# 1 Maximization of Entropy

Let $$f(x)$$ be a probability density function with mean $$\mu$$ and variance $$\sigma^2$$, and let $$X$$ be a continuous random variable with density $$f(x)$$. The differential entropy of $$X$$ is given by $\operatorname{H}(X) = - \int_{-\infty}^\infty f(x) \log f(x) dx$

To maximize the entropy, notice that the following constraints hold for any pdf: \left. \begin{aligned} \int_{-\infty}^\infty f(x) dx &= 1 \\ \int_{-\infty}^\infty (x-\mu)^2 f(x) dx &= \sigma^2 \end{aligned} \right\}

Define a function with two Lagrange multipliers: $\mathcal{L}(x, \lambda_1, \lambda_2) = - \int_{-\infty}^\infty f(x) \log f(x) dx - \lambda_1 \left( \int_{-\infty}^\infty f(x) dx - 1 \right) - \lambda_2 \left( \int_{-\infty}^\infty (x-\mu)^2 f(x) dx - \sigma^2 \right)$

Set the gradient of the Lagrangian to 0: $\nabla_{x,\lambda_1,\lambda_2} \mathcal{L}(x, \lambda_1, \lambda_2) = 0$

We get $\frac{\partial \mathcal{L}}{\partial x} = - f(x) \left(\log f(x) + 1 + \lambda_1 + \lambda_2(x-\mu)^2 \right) = 0$ Since it must hold for any $$f(x)$$ such that $$\frac{\partial \mathcal{L}}{\partial x} = 0$$, it holds that \begin{align*} 0 &= \log f(x) + 1 + \lambda_1 + \lambda_2(x-\mu)^2 \\ \log f(x) &= -1 - \lambda_1 - \lambda_2(x-\mu)^2 \\ f(x) &= e^{-1 - \lambda_1 - \lambda_2(x-\mu)^2} \end{align*} Consider the constraints: \left. \begin{aligned} \int_{-\infty}^\infty e^{-1 - \lambda_1 - \lambda_2(x-\mu)^2} dx &= 1 \\ \int_{-\infty}^\infty (x-\mu)^2 e^{-1 - \lambda_1 - \lambda_2(x-\mu)^2} dx &= \sigma^2 \end{aligned} \right\} with solution (using Gaussian integral) \begin{align*} \lambda_1 &= \frac{1}{2}\log(2\pi\sigma^2) - 1 \\ \lambda_2 &= \frac{1}{2\sigma^2} \end{align*} We get \begin{align*} f(x) &= e^{-1 - \lambda_1 - \lambda_2(x-\mu)^2} \\ &= \frac{1}{\sqrt{2\pi\sigma^2}} e^{-\frac{(x-\mu)^2}{2\sigma^2}} \end{align*}

which gives the probability distribution that maximizes the entropy for $$X$$.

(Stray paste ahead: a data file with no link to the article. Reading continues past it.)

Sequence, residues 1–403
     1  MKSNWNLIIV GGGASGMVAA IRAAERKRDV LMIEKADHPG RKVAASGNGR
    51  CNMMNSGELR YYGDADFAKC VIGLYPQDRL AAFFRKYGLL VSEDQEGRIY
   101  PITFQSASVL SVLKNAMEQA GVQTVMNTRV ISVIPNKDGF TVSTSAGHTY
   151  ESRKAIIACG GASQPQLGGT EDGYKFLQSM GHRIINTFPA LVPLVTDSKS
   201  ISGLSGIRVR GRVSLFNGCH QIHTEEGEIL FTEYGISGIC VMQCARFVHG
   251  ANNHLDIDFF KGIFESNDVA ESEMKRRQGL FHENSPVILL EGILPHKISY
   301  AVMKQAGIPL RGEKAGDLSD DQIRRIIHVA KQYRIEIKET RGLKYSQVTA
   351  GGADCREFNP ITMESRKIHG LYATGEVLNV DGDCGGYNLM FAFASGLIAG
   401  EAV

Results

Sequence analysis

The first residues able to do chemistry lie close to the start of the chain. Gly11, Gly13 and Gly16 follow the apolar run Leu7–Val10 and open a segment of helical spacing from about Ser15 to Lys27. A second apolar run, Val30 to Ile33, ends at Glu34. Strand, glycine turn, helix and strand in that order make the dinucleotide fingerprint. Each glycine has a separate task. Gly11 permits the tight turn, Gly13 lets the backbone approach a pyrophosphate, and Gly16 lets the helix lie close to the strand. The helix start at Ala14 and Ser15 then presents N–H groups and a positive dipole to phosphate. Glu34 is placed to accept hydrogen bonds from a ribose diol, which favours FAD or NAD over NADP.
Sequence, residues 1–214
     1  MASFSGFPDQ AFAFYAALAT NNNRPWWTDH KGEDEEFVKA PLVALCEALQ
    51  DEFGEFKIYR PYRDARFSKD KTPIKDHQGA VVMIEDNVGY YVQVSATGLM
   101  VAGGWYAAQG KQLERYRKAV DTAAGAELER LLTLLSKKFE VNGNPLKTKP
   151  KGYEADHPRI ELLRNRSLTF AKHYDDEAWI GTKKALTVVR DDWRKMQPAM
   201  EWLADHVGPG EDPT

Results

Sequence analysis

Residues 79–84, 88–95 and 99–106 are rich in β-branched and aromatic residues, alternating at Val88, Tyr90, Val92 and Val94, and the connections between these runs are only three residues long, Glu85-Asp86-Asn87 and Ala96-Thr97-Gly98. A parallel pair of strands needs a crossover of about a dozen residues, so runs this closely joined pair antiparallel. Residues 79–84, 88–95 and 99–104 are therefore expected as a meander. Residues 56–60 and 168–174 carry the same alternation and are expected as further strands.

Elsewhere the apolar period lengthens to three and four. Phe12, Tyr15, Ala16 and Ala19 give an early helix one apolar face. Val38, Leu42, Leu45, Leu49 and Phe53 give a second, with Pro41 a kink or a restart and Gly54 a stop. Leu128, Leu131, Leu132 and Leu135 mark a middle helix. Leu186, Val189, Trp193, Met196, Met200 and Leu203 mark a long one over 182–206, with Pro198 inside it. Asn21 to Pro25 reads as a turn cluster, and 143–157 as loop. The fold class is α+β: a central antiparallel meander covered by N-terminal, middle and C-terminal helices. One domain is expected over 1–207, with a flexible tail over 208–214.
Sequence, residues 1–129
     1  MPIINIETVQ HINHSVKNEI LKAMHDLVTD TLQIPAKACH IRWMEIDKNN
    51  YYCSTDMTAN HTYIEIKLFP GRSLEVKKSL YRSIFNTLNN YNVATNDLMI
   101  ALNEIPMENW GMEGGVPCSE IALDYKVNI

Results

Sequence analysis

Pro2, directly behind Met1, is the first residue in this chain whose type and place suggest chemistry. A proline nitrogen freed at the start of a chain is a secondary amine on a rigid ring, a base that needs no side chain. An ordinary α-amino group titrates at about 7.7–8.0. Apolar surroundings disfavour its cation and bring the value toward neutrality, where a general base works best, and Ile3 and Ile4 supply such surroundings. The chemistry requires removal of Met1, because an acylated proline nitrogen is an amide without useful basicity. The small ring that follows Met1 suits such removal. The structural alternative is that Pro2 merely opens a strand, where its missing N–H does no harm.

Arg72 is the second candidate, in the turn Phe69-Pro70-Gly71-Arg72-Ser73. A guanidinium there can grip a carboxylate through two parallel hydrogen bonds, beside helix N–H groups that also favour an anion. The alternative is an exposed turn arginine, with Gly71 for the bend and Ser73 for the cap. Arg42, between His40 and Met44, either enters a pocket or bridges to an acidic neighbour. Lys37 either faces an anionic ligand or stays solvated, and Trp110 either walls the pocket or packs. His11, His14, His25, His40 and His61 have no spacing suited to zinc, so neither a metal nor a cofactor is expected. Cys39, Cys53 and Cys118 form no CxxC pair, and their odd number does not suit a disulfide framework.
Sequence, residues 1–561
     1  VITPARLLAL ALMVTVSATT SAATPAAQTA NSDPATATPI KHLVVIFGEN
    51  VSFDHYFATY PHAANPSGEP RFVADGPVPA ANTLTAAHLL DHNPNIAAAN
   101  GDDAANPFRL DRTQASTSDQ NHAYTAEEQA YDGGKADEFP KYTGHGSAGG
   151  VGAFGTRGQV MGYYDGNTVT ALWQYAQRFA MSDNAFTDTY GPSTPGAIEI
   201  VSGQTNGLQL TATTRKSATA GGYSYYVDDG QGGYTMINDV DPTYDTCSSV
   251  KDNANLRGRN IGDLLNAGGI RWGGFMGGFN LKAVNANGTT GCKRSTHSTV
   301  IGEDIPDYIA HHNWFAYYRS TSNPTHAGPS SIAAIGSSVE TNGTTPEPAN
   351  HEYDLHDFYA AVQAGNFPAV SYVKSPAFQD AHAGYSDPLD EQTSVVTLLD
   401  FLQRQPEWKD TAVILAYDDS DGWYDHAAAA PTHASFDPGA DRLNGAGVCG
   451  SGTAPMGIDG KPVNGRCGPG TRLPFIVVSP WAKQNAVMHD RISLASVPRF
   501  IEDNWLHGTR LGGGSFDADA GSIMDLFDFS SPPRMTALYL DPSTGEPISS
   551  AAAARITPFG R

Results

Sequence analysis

The entropy of $$X$$ is given by $\frac{1}{2} \left( \log(2\pi\sigma^2) + 1 \right)$

# 2 Univariate Normal Distribution

The normal distribution (or Gaussian distribution) is the continuous probability distribution with the maximum entropy for a specified mean $$\mu$$ and variance $$\sigma^2$$.

pdf. $f_X(x) = \frac{1}{\sqrt{2\pi\sigma^2}} e^{-\frac{(x-\mu)^2}{2\sigma^2}}$ $X \sim \mathcal{N}(\mu, \sigma^2)$

Mean. $\operatorname{E}[X] = \mu$

Variance. $\operatorname{Var}(X) = \sigma^2$

Skewness. $\operatorname{Skew}(X) = 0$

Excess kurtosis. $\operatorname{Kurt}(X) = 0$

Entropy. $\operatorname{H}(X;\sigma) = \frac{1}{2} \left( \log(2\pi\sigma^2) + 1 \right)$

# 3 Multivariate Normal Distribution

The multivariate normal distribution is a generalization of the univariate normal distribution to higher dimensions, with parameters:

• $$k$$-dimensional mean vector: $$\boldsymbol \mu = \operatorname{E}[\boldsymbol x]$$.
• $$k \times k$$ covariance matrix: $$\mathbf\Sigma = \operatorname{E}[(\boldsymbol x - \boldsymbol \mu)(\boldsymbol x - \boldsymbol \mu)^\mathrm{T}]$$.

pdf. $f(\boldsymbol x) = (2\pi)^{-k/2} |\mathbf\Sigma|^{-1/2} e^{-\frac{1}{2} (\boldsymbol x - \boldsymbol\mu)^\mathrm{T} \Sigma^{-1}(\boldsymbol x - \boldsymbol\mu)}$ $\boldsymbol x \sim \mathcal{N}_k(\boldsymbol\mu, \mathbf\Sigma)$

Mean. $\operatorname{E}[\boldsymbol x] = \boldsymbol\mu$

Variance. $\operatorname{Var}(\boldsymbol x) = \mathbf\Sigma$

Entropy. $\operatorname{H}(\boldsymbol x;\mathbf\Sigma) = \frac{1}{2} \left( \log(2 \pi e)^k |\mathbf\Sigma| \right)$